Payment fraud schemes have evolved with the changing nature of payment systems, says Federal Reserve Board Governor Jerome Powell. Once crooks relied on the slow speed of the old paper check-clearing system to get away with their crimes, but now they take advantage of the rapid transmission of data to steal account information.
“Today, fraud can be executed quickly, perpetrated on a massive scale, and carried out remotely,” said Powell. In an address at the Federal Reserve Bank of Kansas City late last month, Powell discussed four areas all stakeholders in the payment systems should be considering.
Seeking safe innovation
“Although payments cards reduced the impact of a stolen wallet, they've also introduced new risks, like counterfeit card fraud,” Powell pointed out. He said the payments industry must beware of such developments.
“These risks may be tolerable in the short run, so long as we work to identify, prevent, and mitigate them early on in the design and implementation process,” said Powell.
In the case of payment cards, over time, technologies have been broadly implemented to mitigate many risks.
“For instance,” said Powell, “computer algorithms now analyze transactions in real time and can prevent the same card number from being used to make purchases in Washington, D.C., and in Kansas City five minutes apart.”
At a minimum, he said, banks, merchants, and other institutions that process or store sensitive financial information need to keep their hardware and software current to the latest industry standards.
Prevention: Preparing to fight fraud
Powell said that one clear area of focus needs to be on implementing preventive tools, or simply put, defensive tactics
“The deployment of EMV chip cards in the United States represents an important step forward,” said Powell. “But we should not stop there.”
Powell noted that for many years, traditional authentication methods like signatures and static passwords have been used to verify an individual’s authority to initiate a payment. New approaches to authentication offer the potential for greater assurance and protection, however.
“Given the current technologies that we have at our disposal, we should assess the continued use of signatures as a means of authenticating card transactions,” Powell said.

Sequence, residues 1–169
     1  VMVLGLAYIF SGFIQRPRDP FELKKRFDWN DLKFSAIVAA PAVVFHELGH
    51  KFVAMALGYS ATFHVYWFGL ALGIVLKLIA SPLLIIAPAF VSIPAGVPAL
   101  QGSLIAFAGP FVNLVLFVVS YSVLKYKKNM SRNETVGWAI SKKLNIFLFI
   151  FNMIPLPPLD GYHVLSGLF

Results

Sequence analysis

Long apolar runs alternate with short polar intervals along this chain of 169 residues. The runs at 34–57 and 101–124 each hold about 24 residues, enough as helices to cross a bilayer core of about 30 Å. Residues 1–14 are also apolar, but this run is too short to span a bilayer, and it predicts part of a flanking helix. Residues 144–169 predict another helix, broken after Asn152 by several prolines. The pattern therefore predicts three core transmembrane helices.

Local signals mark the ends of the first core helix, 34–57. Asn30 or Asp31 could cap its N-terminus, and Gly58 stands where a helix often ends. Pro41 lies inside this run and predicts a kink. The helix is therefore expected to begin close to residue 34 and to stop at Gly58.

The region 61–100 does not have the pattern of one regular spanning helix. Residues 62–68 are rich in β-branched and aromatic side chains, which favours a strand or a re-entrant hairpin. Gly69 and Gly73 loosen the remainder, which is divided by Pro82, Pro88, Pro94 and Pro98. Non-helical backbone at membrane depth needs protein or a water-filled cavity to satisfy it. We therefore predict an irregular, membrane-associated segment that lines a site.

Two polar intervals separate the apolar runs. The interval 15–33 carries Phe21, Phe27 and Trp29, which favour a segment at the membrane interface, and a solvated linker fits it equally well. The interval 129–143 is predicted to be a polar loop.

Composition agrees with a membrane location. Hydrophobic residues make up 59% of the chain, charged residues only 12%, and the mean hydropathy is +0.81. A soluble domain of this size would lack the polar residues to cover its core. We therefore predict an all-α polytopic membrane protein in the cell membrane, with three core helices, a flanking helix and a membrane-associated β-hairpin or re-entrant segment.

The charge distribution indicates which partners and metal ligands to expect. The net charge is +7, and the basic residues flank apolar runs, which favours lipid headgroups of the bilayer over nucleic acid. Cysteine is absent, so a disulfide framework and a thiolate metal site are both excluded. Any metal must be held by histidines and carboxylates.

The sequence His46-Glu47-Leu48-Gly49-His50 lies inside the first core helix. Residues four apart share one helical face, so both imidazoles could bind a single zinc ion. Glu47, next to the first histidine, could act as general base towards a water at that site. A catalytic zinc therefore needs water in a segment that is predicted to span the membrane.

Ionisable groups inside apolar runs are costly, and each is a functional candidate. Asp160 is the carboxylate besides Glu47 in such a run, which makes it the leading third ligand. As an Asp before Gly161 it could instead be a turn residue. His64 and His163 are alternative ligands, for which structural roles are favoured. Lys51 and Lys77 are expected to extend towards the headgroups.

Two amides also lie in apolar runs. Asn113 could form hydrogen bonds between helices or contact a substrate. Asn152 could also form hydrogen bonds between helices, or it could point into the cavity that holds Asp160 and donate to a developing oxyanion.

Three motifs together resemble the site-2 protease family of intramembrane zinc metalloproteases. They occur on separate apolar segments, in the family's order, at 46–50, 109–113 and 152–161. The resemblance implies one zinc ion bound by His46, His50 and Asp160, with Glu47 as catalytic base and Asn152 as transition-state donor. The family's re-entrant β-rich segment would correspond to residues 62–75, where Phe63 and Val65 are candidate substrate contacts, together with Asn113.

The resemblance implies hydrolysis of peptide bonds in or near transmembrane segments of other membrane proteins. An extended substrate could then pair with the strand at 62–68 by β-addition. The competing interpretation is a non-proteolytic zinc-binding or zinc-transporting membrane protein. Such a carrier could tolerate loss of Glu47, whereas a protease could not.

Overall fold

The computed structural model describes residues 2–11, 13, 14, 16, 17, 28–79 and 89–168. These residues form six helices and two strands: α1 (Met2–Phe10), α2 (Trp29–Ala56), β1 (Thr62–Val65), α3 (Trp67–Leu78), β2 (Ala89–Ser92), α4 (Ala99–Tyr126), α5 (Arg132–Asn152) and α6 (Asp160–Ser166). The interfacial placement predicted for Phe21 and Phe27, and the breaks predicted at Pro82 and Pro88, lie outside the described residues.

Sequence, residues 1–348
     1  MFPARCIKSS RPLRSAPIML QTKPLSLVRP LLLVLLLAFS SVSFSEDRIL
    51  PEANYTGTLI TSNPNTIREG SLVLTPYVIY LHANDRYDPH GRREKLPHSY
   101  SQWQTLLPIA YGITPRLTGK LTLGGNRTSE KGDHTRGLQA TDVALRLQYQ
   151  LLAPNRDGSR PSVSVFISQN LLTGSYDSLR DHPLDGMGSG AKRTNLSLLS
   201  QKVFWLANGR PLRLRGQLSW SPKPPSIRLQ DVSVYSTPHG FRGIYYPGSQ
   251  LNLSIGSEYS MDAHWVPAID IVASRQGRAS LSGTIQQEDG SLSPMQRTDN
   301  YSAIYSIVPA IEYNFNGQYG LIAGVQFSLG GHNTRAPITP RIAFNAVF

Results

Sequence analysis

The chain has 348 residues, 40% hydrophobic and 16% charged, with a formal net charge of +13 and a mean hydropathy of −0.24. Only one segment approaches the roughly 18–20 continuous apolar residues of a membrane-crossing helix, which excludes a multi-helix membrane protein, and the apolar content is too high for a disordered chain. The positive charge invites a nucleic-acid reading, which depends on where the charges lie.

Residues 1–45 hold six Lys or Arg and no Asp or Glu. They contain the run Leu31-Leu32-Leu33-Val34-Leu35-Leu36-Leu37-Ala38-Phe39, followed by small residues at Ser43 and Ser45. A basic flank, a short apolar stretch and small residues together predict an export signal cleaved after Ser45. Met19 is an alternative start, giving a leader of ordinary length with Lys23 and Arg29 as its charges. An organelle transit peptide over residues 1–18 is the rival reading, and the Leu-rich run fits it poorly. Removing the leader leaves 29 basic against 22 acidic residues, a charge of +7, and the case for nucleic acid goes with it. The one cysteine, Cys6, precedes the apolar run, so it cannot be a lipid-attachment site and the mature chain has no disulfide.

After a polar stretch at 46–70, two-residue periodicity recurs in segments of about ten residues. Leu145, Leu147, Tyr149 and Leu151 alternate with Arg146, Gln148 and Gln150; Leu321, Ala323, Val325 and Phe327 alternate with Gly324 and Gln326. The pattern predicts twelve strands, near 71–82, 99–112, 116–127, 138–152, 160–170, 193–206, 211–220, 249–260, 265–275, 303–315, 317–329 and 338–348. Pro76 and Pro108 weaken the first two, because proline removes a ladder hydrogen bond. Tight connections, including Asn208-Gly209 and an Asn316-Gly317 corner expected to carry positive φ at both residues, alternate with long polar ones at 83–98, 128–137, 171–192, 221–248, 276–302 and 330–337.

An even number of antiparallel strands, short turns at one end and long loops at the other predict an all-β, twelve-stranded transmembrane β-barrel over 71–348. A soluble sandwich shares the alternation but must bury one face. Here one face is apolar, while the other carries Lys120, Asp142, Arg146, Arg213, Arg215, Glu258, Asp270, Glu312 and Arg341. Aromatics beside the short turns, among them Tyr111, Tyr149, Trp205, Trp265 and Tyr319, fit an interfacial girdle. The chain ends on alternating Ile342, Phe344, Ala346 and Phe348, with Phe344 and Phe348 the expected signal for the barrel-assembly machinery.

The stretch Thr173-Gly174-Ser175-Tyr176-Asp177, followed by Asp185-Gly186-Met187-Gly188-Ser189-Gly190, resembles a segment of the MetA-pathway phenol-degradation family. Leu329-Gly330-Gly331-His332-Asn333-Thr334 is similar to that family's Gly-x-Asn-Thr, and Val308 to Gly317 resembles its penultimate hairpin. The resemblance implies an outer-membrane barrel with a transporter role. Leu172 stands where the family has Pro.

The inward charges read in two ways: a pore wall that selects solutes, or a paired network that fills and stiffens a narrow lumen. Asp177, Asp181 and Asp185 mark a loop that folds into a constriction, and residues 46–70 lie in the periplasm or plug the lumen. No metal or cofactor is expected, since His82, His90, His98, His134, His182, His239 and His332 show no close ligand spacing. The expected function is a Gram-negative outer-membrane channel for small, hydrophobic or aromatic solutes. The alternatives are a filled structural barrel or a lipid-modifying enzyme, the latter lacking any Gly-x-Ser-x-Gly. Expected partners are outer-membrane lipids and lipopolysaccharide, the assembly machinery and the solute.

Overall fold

“It is important to layer security tools and procedures,” Powell continued. “Methods to devalue payment data, like tokenization and encryption for data at rest, in use, and in transit, mitigate the effect of a data breach. Analytics can identify and prevent fraudulent transactions. Firewalls and segmentation of technology supporting critical functions can protect networks from outside attacks.”
Insider threats, as well, need to be guarded against, Powell said, citing a study that indicates more than 20% of security incidents can be attributed to insiders. “Segregation of duties, background checks, and monitoring for anomalies help reduce the risk of insider threats,” said Powell.
Planning can fight fraud
“You can't protect yourself unless you understand how your business is structured. This sounds simple enough, but an organization's computer systems are often unexpectedly interconnected,” said Powell.
Powell pointed out that some of the largest point-of-sale data breaches originated outside the payment card systems.
Plans need to include methods to detect attacks, response procedures, and the ability to recover business functions, according to Powell. “You should also keep up to date on cyber developments and gather information about threats from information sharing forums, including FS-ISAC, US-CERT, and the FBI's InfraGard,” he said.
Education of consumers, the ultimate users
“Collectively, we could do more to empower consumers to use financial products safely by educating them on the risks they face and the steps they can take to protect themselves,” said Powell.
Powell also noted that banks must be prepared to respond to a security incident in a transparent and timely manner so consumers understand the implications.
The Federal Reserve is proceeding with an initiative started earlier this year to establish two task forces to advise on how to speed up the payments system and to identify ways to advance payment system safety. More than 300 participants have signed up for the faster payments task force and more than 200 have joined the secure payments task force.
“By the end of next year, the plan is for the faster payments task force, with input from the secure payments task force, to have laid out its detailed thinking on the most effective approaches for implementing faster payments in the United States. Then, it will be up to the industry to implement these approaches,” Powell said.
Download Powell’s speech, “The Puzzle of Payments Security: Fitting the Pieces Together to Protect the Retail Payments System”
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